Re-elect Dan Lipinski Congressman

LIPINSKI APPLAUDS FUNDING FOR LOCAL ENTITIES TO CONDUCT RESEARCH ON REDUCING HARMFUL EMISSIONS

October 29, 2009

Congressman Dan Lipinski (IL-3) today congratulated locally based Nalco Co. and Argonne National Laboratory on winning $2.25 million in federal funding for cutting-edge research that could help eliminate CO2 emissions from coal-fired power plants, a major contributor to global climate change. Congressman Lipinski supported Nalco's application in a letter to the Advanced Research Projects Agency for Energy, a new agency within the U.S. Department of Energy that he helped to create. Nalco employs 145 people at its Bedford Park plant in the Third District and more at its Naperville headquarters.

 "Energy is an area where we need to think big and invest in breakthrough technologies and new industries with the potential to drive economic growth and job creation for years to come," Lipinski said. "The challenges we face in reducing our dependence on foreign oil, cutting greenhouse gas emissions, and becoming more energy efficient are too great to do otherwise. Nalco's work with Argonne National Laboratory demonstrates the kind of vision that we need. I am pleased that I was able to play a part in helping to secure funding for this project, which will also help support local jobs."

 ARPA-E announced its first grants Monday. The agency will support transformative energy research using the research model established by the Department of Defense's Defense Advanced Research Projects Agency, or DARPA, which helped lead to breakthroughs like GPS, stealth technology, body armor, and the Internet. Congressman Lipinski serves on the House Science and Technology Committee, and was on the conference committee for the America COMPETES Act, which created the ARPA-E program. As chairman of the Subcommittee on Research and Science Education, he recently held a hearing exploring the best ways to support high-risk, high-reward scientific research.

 Currently, it is possible to capture CO2 and turn it into a liquid that can then be sequestered underground. But doing so is expensive and consumes a huge amount of energy. Nalco proposes using water to collect CO2 emissions from power plants and then employing a novel electrochemical process to quickly and cheaply separate the CO2 from the water. Existing technology could then be used to liquefy the separated CO2 so that it could be sequestered underground, or to ready it for another use. One potential environmentally friendly use would be growing algae to produce biofuels.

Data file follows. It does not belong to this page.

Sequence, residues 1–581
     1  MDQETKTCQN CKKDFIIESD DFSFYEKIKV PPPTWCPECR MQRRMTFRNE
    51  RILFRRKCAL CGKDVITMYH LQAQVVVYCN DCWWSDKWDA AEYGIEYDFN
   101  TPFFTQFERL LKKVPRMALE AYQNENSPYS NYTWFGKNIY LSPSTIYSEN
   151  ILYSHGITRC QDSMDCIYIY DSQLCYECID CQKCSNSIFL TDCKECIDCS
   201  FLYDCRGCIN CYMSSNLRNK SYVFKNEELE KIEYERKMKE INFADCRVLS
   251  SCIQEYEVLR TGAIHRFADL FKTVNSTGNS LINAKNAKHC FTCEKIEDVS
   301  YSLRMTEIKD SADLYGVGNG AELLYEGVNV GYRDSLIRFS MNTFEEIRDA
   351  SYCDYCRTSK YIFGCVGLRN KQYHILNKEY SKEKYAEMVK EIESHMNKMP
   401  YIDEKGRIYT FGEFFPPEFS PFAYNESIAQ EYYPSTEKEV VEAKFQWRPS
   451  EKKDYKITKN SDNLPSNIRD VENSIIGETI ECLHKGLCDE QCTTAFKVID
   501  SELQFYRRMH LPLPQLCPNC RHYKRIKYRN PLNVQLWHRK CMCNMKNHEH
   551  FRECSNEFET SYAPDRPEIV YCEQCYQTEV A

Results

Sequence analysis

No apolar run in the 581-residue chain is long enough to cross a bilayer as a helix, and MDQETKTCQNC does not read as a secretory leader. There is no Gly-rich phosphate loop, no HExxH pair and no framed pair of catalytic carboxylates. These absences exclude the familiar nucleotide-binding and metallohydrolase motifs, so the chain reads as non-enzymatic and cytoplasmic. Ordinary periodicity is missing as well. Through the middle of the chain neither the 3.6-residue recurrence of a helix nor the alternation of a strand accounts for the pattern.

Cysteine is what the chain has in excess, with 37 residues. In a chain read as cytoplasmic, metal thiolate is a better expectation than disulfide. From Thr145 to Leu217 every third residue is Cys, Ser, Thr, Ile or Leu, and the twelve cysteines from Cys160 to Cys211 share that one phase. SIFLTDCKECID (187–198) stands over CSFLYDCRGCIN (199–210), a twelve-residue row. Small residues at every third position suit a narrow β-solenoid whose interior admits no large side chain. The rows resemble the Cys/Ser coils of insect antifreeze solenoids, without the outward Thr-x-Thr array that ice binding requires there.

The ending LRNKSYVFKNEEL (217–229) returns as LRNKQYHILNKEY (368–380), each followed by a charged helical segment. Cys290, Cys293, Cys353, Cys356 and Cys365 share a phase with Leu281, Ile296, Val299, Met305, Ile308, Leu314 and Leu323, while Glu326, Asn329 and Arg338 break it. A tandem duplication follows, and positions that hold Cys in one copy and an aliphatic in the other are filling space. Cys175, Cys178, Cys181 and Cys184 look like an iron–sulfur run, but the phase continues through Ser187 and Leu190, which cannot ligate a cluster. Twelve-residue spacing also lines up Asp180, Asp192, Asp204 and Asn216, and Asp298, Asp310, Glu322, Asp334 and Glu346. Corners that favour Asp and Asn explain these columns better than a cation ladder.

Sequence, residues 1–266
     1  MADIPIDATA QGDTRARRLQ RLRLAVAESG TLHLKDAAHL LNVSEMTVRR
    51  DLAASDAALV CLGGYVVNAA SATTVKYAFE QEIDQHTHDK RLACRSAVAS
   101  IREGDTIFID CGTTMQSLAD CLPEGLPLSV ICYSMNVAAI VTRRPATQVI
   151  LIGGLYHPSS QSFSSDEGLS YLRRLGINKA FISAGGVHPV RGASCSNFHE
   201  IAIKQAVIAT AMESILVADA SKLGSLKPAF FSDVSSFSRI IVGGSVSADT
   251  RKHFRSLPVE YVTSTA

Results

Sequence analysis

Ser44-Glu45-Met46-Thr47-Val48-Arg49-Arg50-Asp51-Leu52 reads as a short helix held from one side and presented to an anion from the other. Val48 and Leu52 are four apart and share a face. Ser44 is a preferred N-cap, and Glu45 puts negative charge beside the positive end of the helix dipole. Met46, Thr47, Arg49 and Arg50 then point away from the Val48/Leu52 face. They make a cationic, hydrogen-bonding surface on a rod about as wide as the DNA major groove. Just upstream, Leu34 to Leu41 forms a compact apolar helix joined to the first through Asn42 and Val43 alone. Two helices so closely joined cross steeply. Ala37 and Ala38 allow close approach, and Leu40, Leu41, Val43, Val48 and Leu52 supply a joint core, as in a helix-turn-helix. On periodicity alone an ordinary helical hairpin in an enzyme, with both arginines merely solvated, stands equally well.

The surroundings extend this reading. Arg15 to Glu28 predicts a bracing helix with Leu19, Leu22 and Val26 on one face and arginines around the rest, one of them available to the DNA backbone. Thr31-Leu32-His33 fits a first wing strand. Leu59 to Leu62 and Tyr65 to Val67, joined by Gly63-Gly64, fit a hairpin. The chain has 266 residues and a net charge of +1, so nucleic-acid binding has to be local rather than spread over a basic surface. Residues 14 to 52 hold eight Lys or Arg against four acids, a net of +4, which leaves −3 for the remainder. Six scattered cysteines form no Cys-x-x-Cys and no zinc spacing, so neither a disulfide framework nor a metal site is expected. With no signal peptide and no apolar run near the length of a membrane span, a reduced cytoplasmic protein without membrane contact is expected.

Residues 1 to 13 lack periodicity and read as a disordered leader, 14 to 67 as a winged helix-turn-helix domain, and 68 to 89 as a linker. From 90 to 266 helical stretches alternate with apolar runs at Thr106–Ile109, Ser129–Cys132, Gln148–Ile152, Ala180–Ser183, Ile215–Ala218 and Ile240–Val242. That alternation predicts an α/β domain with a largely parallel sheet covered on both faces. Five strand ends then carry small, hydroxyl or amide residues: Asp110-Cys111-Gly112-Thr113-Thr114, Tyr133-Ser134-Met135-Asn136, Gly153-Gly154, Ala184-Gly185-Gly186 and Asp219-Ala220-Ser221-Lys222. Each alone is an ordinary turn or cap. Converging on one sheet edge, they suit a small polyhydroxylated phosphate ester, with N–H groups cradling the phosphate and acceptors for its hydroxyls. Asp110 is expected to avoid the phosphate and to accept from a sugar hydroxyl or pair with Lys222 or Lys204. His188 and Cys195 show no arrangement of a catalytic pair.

CO2 naturally dissolves in water, which is how soda is carbonated. But while we've all been unpleasantly surprised to find the soda in our refrigerator has gone flat overnight, CO2 actually releases from water too slowly for a rapid, continuous industrial process. Nalco's technology would solve that problem by using a special type of wafer, a small amount of electricity, and a natural enzyme to speed up release. The enzyme used is the same enzyme our bodies use to remove CO2 from our cells when we exhale. In a sense, Nalco would mimic the process living cells use to manage CO2.

"Finding ways to use coal more efficiently while also reducing greenhouse gas emissions will allow the United States to better use one of its key domestic energy sources," said Dr. Manian Ramesh, Nalco's Chief Technology Officer. "We want to thank the Department of Energy for this grant in support of our carbon capture project. This is a tremendous opportunity to expand our existing partnership with the outstanding talent at Argonne National Laboratory to develop this exciting new technology for providing cleaner energy. Open innovation that allows collaboration among business, government, and academia is the best path forward to develop new, sustainable technologies."

"As one of the few members of Congress trained as an engineer, I'm keenly interested in supporting advanced technical research with the potential to yield lasting real-world benefits," Congressman Lipinski said. "Companies and countries around the world are racing to develop new energy technologies, and we need to make sure America is positioned to be the global leader in the field."



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